Tech titans Google and Facebook are just two of the boldface Silicon Valley names joining the fight for affordable internet access in the developing world. And to that end, the two companies -- in addition to a host of other notable tech outfits (i.e., Yahoo, Intel and Microsoft, amongst others), special interest groups and governments -- have formed the Alliance for Affordable Internet, a public / private coalition designed to drive down anticompetitive costs through policy change. The group, spearheaded by the World Wide Web Foundation, aims to begin advocating for cheaper access in a handful of locations within the developing world by year end, with an eventual target of reducing costs to "less than 5-percent of average monthly income" in up to 12 countries through 2015. Beyond advocacy, the group also intends to survey the global state of internet access with the release of an "Affordability Report," the first of which is due this December. You can read more about A4AI's policies and best practices right here.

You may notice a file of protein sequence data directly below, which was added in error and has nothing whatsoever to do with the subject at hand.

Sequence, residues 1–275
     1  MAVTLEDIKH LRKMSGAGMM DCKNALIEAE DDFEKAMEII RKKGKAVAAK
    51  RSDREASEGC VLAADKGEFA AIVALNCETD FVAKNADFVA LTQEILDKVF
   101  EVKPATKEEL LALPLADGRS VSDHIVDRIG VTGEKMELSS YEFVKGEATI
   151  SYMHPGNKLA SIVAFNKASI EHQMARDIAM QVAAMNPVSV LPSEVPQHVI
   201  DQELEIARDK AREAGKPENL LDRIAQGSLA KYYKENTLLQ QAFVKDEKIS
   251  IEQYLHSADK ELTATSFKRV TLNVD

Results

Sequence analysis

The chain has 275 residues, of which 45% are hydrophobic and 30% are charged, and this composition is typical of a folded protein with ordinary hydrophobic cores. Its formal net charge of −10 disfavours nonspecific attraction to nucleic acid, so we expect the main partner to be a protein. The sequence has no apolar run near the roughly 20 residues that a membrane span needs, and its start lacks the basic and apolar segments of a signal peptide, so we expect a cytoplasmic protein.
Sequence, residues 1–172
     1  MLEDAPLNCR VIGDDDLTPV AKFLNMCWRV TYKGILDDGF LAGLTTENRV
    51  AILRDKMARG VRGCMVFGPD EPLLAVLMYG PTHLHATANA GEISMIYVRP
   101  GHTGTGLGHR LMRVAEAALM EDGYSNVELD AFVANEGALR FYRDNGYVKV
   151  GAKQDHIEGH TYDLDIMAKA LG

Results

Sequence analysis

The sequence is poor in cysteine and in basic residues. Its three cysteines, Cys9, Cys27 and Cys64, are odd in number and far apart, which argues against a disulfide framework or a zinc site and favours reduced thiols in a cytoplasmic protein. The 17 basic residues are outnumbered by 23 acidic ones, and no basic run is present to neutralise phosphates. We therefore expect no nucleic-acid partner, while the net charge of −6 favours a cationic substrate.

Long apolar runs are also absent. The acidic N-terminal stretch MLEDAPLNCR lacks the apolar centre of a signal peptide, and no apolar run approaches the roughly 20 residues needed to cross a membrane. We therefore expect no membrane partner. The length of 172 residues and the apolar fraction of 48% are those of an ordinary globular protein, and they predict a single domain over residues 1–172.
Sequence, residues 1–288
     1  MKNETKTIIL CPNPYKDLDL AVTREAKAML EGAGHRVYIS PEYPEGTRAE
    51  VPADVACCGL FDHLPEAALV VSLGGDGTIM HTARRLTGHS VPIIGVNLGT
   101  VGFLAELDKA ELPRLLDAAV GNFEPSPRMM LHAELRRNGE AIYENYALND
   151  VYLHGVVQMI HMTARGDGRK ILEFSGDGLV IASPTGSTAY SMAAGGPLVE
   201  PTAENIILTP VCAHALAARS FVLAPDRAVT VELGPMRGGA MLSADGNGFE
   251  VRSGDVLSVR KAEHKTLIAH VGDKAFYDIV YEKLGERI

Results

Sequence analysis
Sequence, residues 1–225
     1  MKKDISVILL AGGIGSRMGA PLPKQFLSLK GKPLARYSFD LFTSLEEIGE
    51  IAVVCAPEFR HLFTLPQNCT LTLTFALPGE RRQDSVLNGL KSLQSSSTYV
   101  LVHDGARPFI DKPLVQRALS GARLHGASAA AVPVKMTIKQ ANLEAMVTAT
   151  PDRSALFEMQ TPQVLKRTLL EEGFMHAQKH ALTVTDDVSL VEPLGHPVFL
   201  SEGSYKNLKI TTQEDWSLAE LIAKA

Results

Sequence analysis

Google, Facebook seek to drive down cost of internet access, join Alliance for Affordable Internet
All products recommended by Engadget are selected by our editorial team, independent of our parent company. Some of our stories include affiliate links. If you buy something through one of these links, we may earn an affiliate commission.